How to Beat Public Speaking Nerves and Deliver an Engaging Presentation 

The term “glossophobia” isn’t one that a lot of people are familiar with – which is unusual, considering it is said to affect as much as 77 percent of the population.

The word refers to a fear of public speaking; a daily struggle many professionals know all too much about. While some individuals seem to thrive in the spotlight, coming alive as they share their expertise on any given topic with confidence and enthusiasm, others experience sleepless nights at the very prospect.

Aside from the hurdle of conquering nerves and anxiety associated with public speaking, there is also the small matter of piecing together a presentation that will both engage and inform those at the receiving end. All in all, it’s a lot to take on.


As solicitors, we are no exception to the rule. Yes, much of our time is spent in an office setting working directly with clients on a one-to-one basis. But then there come the invitations to speak at a conference, or to deliver a lecture at a university, or to share our insights on a probing matter with a local committee. Oftentimes, getting comfortable with the art of public speaking equates to career progression, and it is therefore both a skill worth mastering and a fear worth conquering.

Read on to discover our top tips for curating and delivering a standout presentation – with a few helpful nerve-taming exercises to help you along the way!


Holding the audience's attention is key for public speaking

If your anxiety surrounding public speaking is all-consuming, it is easy to place the bulk of your focus on how you’re feeling, when really, your concern should be directed at your audience and how they perceive the information you share. This involves implementing a state shift away from your own anxieties and towards the needs of others.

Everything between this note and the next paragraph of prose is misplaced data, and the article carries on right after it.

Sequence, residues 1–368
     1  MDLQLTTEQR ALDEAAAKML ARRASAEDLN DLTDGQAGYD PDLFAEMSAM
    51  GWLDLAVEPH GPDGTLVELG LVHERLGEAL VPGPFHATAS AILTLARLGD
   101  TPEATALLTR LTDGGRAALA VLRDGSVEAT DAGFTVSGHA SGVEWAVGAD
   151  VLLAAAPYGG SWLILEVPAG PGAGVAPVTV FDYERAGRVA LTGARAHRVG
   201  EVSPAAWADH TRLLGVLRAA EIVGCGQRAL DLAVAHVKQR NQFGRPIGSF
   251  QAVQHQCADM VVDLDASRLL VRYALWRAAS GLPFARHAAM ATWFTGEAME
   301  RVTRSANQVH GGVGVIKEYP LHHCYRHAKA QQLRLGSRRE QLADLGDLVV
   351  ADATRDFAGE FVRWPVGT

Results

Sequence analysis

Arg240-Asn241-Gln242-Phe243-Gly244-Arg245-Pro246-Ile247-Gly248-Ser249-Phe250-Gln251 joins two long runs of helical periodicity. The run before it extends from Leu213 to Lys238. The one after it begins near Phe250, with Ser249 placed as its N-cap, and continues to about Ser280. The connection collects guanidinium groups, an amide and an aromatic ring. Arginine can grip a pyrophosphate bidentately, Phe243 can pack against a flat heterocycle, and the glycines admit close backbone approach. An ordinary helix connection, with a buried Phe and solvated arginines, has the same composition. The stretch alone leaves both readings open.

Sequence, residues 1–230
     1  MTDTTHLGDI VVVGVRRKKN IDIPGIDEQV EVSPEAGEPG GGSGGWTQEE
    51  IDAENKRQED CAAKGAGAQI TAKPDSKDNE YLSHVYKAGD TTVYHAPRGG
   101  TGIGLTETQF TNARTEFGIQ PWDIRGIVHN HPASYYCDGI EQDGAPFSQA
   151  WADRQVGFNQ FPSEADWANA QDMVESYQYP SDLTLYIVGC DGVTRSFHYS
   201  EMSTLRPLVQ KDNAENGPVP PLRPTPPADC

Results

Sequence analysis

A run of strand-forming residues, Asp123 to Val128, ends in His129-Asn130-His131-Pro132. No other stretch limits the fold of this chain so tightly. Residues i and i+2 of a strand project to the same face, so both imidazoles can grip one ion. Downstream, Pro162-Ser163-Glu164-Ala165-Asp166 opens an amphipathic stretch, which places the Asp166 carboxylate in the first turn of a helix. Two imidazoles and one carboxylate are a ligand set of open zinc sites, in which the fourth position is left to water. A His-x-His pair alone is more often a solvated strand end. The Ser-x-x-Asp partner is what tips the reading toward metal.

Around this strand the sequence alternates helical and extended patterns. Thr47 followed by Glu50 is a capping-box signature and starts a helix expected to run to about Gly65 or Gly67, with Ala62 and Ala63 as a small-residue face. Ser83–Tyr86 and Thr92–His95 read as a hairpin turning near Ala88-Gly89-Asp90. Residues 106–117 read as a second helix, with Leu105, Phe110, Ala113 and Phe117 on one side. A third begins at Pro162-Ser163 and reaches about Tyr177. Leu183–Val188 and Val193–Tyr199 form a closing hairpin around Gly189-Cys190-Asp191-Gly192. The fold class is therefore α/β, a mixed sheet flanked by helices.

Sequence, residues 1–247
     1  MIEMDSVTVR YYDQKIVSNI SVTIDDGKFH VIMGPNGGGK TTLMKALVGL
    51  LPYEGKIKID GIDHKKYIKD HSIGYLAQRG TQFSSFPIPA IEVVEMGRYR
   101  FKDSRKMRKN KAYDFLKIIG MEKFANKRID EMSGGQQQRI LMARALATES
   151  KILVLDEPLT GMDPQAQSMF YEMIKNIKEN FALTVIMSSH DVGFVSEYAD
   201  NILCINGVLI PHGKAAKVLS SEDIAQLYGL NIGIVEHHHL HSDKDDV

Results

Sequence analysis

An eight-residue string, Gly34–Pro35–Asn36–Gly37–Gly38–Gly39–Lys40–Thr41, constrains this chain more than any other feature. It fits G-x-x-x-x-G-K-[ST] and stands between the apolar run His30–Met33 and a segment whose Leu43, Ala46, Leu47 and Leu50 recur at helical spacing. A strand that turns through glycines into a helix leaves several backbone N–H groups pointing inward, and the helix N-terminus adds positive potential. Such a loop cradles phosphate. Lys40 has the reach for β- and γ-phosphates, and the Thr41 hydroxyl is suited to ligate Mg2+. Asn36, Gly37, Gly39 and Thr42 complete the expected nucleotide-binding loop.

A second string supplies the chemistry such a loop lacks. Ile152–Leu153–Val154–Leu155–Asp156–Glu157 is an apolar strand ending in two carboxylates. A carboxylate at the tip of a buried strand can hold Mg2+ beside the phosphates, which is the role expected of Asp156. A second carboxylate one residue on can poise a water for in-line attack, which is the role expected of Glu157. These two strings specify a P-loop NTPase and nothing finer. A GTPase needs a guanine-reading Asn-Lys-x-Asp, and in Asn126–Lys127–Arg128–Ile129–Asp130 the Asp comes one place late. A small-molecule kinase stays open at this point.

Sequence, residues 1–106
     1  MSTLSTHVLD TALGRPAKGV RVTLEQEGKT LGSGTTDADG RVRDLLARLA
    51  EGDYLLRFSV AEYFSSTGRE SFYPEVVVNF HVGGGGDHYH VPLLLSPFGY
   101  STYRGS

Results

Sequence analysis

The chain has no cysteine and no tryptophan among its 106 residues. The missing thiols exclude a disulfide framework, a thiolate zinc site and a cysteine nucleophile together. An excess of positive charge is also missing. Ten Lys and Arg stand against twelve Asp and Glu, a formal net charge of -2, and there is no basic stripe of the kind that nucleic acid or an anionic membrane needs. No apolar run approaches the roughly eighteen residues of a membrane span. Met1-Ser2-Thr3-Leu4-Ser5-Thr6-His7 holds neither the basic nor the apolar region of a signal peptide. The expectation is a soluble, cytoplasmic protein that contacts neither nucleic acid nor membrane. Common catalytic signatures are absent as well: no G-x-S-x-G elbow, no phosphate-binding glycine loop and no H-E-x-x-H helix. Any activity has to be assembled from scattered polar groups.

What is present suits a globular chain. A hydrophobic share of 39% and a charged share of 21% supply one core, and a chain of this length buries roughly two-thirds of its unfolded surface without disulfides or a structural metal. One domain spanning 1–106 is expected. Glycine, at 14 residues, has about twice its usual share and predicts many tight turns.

The sole purpose of your presentation should revolve around imparting knowledge onto the listener, regardless of what topic you are discussing. You’ve obviously been called upon to speak for a reason, so live up to your potential and make the opportunity worthwhile by examining elements like:

  • your audience demographic
  • the level they’re at
  • the subject matter they are likely to be most intrigued by
  • and most importantly, what information you have at your disposal that will serve to enlighten and inspire

Your speech should be structured with each of these agendas foremost to mind.

Fail to prepare, prepare to fail

Speaking of structuring your speech and its delivery, it is imperative to pour adequate time into this vital exercise.

Begin by making an all-inclusive list of the topics you would like to address, then strip this back by selecting the most relevant or important points that will make their way into your final presentation. Your audience is taking time out of their day to listen to you speak; respect this by ensuring the content you share has value and significance.

The importance of preparation also extends to your performance. By practising the delivery of your presentation over and over during the preparatory stages, you can regularly familiarise yourself with both the subject matter and your presenting style, which will stand to you greatly when the showtime nerves kick in.

Grab – and hold – your audience’s attention

Grabbing the attention of your audience leads to successful public speaking